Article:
Imagine having an industry where you can’t be in it without already being an expert in all fields, imagine having to be able to command policy and drive strategy but not having anyone having ever helped you learn how to do this, imagine that if you did all the activities involved with secure service and yet people say you aren’t part of the industry because your job title doesn’t have the word “security” in it and imagine if that you are told you aren’t part of the cyber security industry because you also have to worry about budgets, sales, marketing, new business initiatives, IT services and well anything else!
What would happen if we had this as our cyber security industry principles… well that’s simple?
Cyber Security is an intersection of different activities, processes and capabilities. It uses skills from multiple traditional roles. As such the definition of it, often seems to lie in the reader. I did a poll the other day on twitter where ~30% of people thought a scenario I described wasn’t cyber because basically an “IT” person did the activity or they made assumptions that the IT person was told to do it (they were not). This led me to try and describe what Cyber means to me:Read more “The Art of Cyber”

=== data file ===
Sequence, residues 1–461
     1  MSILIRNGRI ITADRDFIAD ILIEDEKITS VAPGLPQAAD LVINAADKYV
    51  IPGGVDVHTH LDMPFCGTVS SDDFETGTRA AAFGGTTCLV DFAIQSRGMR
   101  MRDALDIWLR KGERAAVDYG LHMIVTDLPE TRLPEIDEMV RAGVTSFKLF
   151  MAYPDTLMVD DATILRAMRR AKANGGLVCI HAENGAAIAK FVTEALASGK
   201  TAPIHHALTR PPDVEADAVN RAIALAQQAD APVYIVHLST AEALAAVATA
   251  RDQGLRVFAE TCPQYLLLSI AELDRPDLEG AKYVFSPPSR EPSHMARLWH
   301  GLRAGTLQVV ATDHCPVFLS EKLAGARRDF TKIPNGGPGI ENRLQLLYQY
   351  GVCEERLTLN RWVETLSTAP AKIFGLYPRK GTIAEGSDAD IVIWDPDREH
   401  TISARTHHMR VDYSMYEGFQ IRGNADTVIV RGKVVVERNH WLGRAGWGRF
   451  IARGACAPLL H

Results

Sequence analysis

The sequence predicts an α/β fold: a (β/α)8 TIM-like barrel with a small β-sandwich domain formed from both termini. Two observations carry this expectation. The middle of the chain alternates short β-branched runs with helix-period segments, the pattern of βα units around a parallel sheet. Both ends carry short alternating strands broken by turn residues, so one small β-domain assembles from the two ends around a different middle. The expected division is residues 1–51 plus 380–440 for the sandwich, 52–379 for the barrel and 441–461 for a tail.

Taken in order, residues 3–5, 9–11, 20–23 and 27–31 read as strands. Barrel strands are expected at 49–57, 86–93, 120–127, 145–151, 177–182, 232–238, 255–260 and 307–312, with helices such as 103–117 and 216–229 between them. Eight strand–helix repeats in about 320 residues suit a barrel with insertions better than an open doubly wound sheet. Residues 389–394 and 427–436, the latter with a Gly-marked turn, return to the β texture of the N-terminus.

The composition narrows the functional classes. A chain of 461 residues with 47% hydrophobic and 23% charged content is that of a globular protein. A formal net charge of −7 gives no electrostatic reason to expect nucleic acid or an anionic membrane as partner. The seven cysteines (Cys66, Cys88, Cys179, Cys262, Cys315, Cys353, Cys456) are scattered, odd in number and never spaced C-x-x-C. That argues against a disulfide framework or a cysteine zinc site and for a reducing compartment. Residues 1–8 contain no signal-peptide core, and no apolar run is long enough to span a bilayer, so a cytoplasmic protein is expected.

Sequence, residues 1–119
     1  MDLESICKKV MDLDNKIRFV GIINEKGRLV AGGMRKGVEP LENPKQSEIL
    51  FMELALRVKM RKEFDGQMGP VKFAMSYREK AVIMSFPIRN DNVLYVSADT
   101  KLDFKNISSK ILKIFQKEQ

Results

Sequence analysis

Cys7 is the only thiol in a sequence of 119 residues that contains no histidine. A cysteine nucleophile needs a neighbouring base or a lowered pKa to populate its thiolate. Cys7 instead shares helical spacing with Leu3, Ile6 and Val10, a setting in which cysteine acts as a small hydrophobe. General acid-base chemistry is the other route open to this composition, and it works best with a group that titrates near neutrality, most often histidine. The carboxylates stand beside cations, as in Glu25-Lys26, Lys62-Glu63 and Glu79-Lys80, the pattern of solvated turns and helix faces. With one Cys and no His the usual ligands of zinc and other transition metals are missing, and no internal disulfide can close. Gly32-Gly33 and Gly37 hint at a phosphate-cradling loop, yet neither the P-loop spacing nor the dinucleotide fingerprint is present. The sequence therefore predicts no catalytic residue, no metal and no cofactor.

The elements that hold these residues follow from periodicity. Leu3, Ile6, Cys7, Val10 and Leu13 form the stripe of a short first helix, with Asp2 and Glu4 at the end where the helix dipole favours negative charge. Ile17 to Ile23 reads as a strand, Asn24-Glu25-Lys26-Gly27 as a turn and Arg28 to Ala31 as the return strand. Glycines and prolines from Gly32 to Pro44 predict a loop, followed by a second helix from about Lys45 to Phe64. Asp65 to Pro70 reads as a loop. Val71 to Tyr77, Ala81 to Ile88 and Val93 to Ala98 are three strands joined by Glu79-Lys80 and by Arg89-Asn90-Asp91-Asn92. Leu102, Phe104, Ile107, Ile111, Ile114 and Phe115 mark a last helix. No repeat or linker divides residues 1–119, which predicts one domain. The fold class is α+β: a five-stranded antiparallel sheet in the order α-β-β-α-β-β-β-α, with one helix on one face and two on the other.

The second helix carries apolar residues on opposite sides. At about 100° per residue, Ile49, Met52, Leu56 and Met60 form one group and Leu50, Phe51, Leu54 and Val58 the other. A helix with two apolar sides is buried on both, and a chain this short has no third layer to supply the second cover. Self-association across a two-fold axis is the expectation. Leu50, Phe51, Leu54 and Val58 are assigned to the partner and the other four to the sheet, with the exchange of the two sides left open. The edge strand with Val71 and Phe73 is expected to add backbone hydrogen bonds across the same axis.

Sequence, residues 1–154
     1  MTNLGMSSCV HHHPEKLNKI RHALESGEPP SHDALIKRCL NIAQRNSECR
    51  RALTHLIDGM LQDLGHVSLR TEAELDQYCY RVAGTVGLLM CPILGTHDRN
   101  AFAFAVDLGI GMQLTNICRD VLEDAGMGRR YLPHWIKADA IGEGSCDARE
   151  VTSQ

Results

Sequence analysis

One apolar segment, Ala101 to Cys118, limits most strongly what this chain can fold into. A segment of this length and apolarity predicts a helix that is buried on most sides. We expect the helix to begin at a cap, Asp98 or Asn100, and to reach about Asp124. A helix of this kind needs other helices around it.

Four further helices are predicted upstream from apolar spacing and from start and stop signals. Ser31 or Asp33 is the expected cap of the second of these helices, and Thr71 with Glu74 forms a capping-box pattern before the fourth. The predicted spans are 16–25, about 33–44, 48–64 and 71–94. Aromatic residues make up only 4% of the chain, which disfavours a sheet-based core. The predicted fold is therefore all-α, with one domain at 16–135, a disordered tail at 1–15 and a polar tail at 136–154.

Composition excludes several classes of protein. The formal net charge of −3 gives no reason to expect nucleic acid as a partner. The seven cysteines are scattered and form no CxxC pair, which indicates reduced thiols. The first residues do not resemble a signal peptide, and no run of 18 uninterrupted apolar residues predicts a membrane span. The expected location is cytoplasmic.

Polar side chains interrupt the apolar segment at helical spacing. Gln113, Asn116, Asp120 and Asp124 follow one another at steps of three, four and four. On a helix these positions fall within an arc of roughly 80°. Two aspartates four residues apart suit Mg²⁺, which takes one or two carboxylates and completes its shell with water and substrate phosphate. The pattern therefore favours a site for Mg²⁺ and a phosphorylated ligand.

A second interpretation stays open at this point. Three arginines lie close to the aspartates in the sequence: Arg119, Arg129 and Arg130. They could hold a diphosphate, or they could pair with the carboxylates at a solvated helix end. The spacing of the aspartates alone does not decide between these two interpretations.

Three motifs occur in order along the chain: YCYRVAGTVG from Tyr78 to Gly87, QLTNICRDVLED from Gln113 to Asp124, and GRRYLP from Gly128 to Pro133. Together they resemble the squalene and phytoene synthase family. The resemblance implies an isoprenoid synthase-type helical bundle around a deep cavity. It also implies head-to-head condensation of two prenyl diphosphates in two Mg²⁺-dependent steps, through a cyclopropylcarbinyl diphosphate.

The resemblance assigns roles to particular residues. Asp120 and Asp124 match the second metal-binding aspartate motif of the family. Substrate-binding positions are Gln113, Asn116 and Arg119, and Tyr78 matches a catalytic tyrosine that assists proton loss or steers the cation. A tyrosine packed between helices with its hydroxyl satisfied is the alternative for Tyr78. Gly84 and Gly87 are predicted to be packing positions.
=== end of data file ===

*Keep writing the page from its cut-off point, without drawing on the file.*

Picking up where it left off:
I created a PDF notebook a while ago when I decided on a whim to to the Pentest+. I have quite a few people ask me about getting into cyber security and well, you know when I was younger this stuff was just called IT mainly (IT + Infosec) so I thought let’s go test out the Pentest+. I did the course and exam in a week (whilst writing the notebook) (don’t think that’s a good idea but my objectives were more to make sure if I think it’s any good or not). Pleased to say I thought the course was good (I used pluralsight at 1.x speed) and the exam was fun (for an exam).
Hopefully this helps people explore the some of the world of offensive security and appsec. Read more “mRr3b00ts Pentest Plus Study Notebook”